ESP32 Arduino: Software reset

The objective of this post is to explain how to perform a software reset on the ESP32, using the Arduino core. The tests of this ESP32 tutorial were performed using a DFRobot’s ESP-WROOM-32 device integrated in a ESP32 FireBeetle board.


The objective of this post is to explain how to perform a software reset on the ESP32, using the Arduino core.

The tests of this ESP32 tutorial were performed using a DFRobot’s ESP-WROOM-32 device integrated in a ESP32 FireBeetle board.

If you prefer a video version of this tutorial, please check my YouTube channel below.

The Arduino code

We will start our Setup function code by opening a Serial connection, so we can output a message indicating the program has started.


We will then print the mentioned message to the serial port, so we can know when the ESP32 has been restarted and is running again from the beginning.

Serial.println("Restarting in 10 seconds");

After that we will do a small 10 seconds delay before we actually restart the device. To do so, we simply call the delay function, which receives as input the number of microseconds to wait.


Finally, we will restart the ESP32 with a call to the restart method on the ESP object. This method receives no parameters and returns void.

This ESP object is an extern variable of class EspClass, defined here. You can check at the previous link some other interesting system functions exposed by this object.

Note that we don’t need to perform any library include to access this object, which is available by default.


The final full Arduino code can be seen below.

void setup() {
  Serial.println("Restarting in 10 seconds");




void loop() {}

Testing the code

To test the code, simply compile it and upload it to your ESP32 board. Then, open the Arduino IDE serial monitor.

You should get an output similar to figure 1, which shows the initial serial print of the program multiple times, meaning that the ESP32 is indeed being reset and the program is running again from the beginning.

ESP32 Arduino software restart

Figure 1 – Restarting the ESP32 via software.

17 thoughts on “ESP32 Arduino: Software reset”

  1. Hi all,
    I have an ESP32 Cam with streaming Web server. After 8 to 10 hours the web server stops responding. Maybe it is a heap problem or something but the only way I can get it to work again is to reset or cycle power. I’m using the example camera Web server sketch from arduino.

    Do you guys have any idea what can be done to solve this problem?


    1. Hi Mike,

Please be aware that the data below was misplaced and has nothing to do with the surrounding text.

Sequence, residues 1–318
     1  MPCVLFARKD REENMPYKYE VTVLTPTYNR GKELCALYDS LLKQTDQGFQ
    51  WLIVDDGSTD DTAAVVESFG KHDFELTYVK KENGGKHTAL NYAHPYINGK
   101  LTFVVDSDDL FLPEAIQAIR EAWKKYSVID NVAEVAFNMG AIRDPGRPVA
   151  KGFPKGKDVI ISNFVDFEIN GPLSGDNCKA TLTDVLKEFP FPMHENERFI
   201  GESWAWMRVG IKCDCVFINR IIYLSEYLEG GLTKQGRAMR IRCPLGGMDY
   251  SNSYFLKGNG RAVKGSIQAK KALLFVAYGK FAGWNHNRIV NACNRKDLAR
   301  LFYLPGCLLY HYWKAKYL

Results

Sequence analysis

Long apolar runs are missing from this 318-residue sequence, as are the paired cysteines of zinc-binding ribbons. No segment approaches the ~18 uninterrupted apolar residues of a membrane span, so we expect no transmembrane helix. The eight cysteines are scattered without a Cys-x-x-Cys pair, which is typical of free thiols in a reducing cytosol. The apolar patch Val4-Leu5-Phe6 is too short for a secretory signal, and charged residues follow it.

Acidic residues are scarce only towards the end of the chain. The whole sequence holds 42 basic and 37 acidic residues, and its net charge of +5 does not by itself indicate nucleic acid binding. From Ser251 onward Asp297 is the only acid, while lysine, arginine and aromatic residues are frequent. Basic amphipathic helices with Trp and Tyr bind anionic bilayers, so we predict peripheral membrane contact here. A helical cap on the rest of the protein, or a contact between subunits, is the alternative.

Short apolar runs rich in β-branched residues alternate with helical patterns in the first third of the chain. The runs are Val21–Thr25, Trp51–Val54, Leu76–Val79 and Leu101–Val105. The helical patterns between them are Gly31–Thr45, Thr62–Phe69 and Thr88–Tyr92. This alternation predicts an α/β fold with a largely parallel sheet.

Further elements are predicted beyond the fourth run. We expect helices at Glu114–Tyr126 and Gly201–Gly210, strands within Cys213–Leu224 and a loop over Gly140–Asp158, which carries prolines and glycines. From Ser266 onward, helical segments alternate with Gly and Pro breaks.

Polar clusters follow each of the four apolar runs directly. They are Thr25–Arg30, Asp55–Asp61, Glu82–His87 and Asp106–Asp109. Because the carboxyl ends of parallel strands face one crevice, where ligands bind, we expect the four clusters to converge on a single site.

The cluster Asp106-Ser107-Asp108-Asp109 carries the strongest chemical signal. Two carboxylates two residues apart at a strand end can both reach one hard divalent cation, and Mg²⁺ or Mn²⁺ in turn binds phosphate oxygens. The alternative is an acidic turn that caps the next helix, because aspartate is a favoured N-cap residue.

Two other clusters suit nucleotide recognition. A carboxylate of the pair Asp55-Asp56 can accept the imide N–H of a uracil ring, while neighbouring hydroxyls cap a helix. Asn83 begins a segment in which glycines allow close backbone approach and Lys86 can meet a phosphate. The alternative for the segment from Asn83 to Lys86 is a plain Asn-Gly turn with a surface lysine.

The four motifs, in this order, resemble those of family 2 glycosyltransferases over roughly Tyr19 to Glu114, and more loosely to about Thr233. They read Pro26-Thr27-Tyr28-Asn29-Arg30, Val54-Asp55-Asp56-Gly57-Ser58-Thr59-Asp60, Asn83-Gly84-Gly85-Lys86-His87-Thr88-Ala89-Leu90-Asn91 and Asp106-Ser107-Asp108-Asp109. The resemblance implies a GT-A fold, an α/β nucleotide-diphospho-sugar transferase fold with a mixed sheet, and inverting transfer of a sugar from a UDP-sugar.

Did you find a solution for your problem? I’m struggling with the same issue…
      Thanks in advance,

      1. Not totally.
        I put in code to make it reconnect to the Wi-Fi. I also utilised the red LED when it attempts to connect to the Wi-Fi. After reset the red light will come on and then it will connect and the light would go off. But I saw a case when I tried to reconnect and the LED would stay and it would never connect until I did a reset.
        But with this reconnect scheme it would keep working for a week or so longer than it did before. But occasionally it would fail to connect.
        I also thought about connecting a GPIO pin to the reset button so it could do a hard reset when things really go bad.

        1. I have a situation where the ESP.restart does not properly reset the ESP32 NodeEMU board. It does do a restart, but some of the data is corrupted instead of being cleared out when the sketch runs anew. However, if I press the hard EN/RST button, all is fine. Unfortunately this board does not allow use of the ESP.reset function which would clear all data and start a “fresh” run of the sketch.

          I tried to use the GPIO2 pin, and others, to force the EN/RST to LOW and it does reset the ESP, B-U-T it will keep the EN/RST LOW and does not go back HIGH on reboot as stated, so it’s caught in a restart loop. Also, if GPIO2 is connected to EN/RST the button is nonfunctional as it’s being held HIGH by GPIO2.

          And in either of these situations, I am unable to upload any modified sketch until I remove the connection from GPIO2 to EN/RST.

          1. I have exactly the same problem. Any GPIO pin when taken LOW will keep the EN/RST in a continuous reboot loop. It does not get initialized back to HIGH when set to do so on a reboot. Some GPOI pins keep the EN/RST logic HIGH making the reset button become useless. And the ESP.reset does not clear old data.

            1. void resetFireBeetle() {
              pinMode(RESET_PIN, OUTPUT);
              digitalWrite(RESET_PIN, LOW);

              The RESET_PIN is in my case GPIO21. It is wired by a jumper to the FireBeetle RST:pin.

              GPIO21 ——-o o——- RST

              On uploading the arduino sketch, the jumper must be removed.
              After uploading, the jumper must be inserted, otherwise, uploading is not possible.

              It is important, that GPIO21 stays in INPUT Mode from SETUP() until resetFireBeetle() is called.

            2. What if you were to use GPIO3 (RX)? That is High at boot by default. As long as you’re not sending anything to the board over serial, that should work, shouldn’t it?

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